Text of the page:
Bamber shot the rest of his family, five people in all.
He claimed that his sister must
have flipped, as she was prone to doing. All the family
were shot with a semi automatic .22 rifle, dying of
Neville Bamber, a farmer and a local magistrate, lived
in a farmhouse in the small village of Tolleshunt
d'Arcy, in Essex, with his wife June. They were unable
to have children and had adopted Sheila, and her
Jeremy lived in a cottage of his own in Goldhanger, a
Sheila, was a model known as
She lived in London, she married Colin Caffell and gave
birth to twin sons in June 1979.
Sheila had a history of serious psychiatric problems. as
a consequence she and Caffell divorced in 1982 and the
children were looked after by their father.
Sunday 4th August 1985 , Colin Caffell drove the
children and their mother to Tolleshunt d'Arcy and
dropped them off to spend a week at the farm.
Wednesday 7th August
1985, Neville, June, Sheila, and her sons were
all shot dead.
about the case.
Bamber claims that he had been at White House farm the
evening before the murders, when a heated discussion
between his parents and sister Sheila had started. This
was about whether Sheila's twins should be fostered or
not, Sheila was schizophrenic and having problems
looking after the children.
Bamber further claims that
he had a call from his father at about 3:30am saying
that Sheila had gone mad, the phone then went dead,
Bamber called the police and met them at the house, all
5 were dead.
The Police claim Bamber killed them, went home then
called them, the motive being money, there was a family
fortune of nearly £500,000.
discovered that all doors and windows were locked from
the inside, thus they initially believed Bamber's claim
that his sister was the murderer. And over the next few
days police were in and out of the farm house with
little regard for the integrity of any forensic
evidence, as they believed it was an open and shut case.
extended family were not happy, and did some, 'private
Investigations' of their own.
things they discovered, that even though one of
the small windows in the kitchen appeared locked, that
it could still be opened from the outside.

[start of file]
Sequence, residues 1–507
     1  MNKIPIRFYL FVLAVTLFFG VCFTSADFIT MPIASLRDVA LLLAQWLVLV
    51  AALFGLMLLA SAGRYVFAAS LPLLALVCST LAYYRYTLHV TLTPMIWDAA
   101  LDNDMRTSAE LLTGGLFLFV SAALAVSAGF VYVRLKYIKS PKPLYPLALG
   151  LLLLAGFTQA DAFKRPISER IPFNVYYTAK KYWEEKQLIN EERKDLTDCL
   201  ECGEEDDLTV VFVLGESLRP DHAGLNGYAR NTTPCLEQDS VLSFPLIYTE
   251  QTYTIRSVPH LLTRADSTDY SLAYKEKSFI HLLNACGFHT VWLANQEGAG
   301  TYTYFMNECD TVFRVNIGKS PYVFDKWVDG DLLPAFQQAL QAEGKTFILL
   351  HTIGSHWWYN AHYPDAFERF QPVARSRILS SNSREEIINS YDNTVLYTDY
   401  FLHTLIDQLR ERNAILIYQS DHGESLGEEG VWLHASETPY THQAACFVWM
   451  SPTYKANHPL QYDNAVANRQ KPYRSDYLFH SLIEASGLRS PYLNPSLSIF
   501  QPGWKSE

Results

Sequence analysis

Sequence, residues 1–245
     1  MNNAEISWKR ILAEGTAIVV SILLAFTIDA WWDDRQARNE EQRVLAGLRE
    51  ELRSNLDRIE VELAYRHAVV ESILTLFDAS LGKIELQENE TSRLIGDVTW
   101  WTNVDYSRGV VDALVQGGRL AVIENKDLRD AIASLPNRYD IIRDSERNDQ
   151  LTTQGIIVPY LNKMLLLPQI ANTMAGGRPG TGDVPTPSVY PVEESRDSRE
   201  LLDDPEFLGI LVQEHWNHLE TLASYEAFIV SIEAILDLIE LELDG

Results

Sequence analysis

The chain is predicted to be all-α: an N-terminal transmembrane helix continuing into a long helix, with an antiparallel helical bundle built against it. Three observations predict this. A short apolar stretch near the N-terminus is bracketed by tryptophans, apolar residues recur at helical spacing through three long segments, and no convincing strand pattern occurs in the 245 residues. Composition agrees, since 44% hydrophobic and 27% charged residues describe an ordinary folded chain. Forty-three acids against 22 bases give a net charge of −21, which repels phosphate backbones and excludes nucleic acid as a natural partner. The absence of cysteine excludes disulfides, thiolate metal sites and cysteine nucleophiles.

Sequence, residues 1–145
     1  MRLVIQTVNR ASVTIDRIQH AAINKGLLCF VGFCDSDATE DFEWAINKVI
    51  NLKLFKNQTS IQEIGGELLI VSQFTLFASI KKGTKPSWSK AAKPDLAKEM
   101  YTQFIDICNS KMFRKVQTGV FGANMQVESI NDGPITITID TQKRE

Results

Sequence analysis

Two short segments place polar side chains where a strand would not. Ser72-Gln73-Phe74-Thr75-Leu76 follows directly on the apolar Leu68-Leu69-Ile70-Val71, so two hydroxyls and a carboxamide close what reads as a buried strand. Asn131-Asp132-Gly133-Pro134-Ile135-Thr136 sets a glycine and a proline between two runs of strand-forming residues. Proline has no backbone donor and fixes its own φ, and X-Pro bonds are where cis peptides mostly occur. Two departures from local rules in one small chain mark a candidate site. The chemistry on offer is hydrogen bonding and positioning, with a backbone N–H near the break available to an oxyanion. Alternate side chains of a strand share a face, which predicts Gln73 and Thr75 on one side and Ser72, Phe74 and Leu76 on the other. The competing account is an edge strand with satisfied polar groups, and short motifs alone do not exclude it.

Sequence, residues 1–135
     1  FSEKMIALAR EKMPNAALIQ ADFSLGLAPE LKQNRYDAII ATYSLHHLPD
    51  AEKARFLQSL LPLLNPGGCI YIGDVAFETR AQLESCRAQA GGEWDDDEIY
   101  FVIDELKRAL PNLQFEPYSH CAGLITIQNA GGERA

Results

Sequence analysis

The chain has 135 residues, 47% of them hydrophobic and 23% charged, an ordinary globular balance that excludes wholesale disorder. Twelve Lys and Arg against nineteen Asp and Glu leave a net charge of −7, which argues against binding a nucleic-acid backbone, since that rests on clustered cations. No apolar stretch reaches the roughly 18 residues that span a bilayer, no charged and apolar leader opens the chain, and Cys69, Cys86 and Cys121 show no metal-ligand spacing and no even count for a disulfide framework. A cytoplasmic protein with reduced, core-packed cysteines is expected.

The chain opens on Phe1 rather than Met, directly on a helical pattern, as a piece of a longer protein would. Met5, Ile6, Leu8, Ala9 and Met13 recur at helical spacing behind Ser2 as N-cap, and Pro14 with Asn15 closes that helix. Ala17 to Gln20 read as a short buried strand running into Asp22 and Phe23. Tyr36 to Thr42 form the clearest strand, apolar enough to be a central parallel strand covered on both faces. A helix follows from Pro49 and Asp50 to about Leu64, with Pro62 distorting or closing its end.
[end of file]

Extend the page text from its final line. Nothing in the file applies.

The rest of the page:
interesting fact surrounds the gun. It was revealed that
the silence was in the gun cupboard, it was family that
initially fond this, the police missed it.
tests confirmed blood on the silencer was that belonging
was a very fit farmer, he was 6ft 4in tall.
On the night
of the murder Bamber had phoned his girlfriend, Julie
Mugford, and said "Tonight's the Night".
October 1986, Bamber's trial starts at Chelmsford
28th October 1986 Jeremy Bamber is found guilty
by the jury, with a majority 10 --2 verdict.
sentenced to 5 life sentences.
Bamber was told by the trial judge, Mr. Justice Drake,
that he was "warped and evil" and recommended that he
should serve at least 25 years before being considered
1989, Bamber launches his first appeal, this was
12th December 2002.
Bamber's second appeal to the High court was also turned
2004; Bamber was rushed to a hospital after he
was attacked by another inmate while making a telephone
call from Full Sutton Prison, where he is serving his
sentence. He suffered deep cuts to his neck but made a
Jeremy Bamber has always protested his innocence,
claiming he was set up by his extended family.
He has even taken a lie detector test in prison, which
The defence team claim they now have new evidence,
obtained under the freedom of information act.
Information that will show that Jeremy Bamber has served
22 years in prison as an innocent man. The criminal
cases review commission is examining this new evidence.
7th April 2008, The high court has ruled that
Bamber must remain classed as a highly dangerous
"category A" prisoner.
16th May 2008. The high court in London has made
Mr Justice Tugendhat said there was no reason for him to
depart from recommendations made both by the Lord Chief
Justice and the Home Secretary that Bamber must serve a
"whole life" tariff.
He said Bamber "continues to deny that he committed the
murders" and had not shown a shred of remorse.
Bamber was put on the home office list of whole
life tariff prisoners, see list
17th January 2012, Bamber loses his appeal to the
European Court. His case, together with two other life
prisoners was that, being sentenced to a whole life
tariff was 'inhuman and degrading treatment'.
26th April 2012, The Criminal Case Review
Commission (CCRC) has announced that it will not be
refereeing the case for appeal.
Bamber's supporters have created a website, with full
coverage of the case, find it
19th July 2012, it has been announced that Bamber
can go to the European Court of Human Rights grand
chamber to have his case heard. he claims it is against
human right to keep him in prison on a whole life
August 2015, it is
claimed that Bamber is going to submit another appeal
ageist his conviction.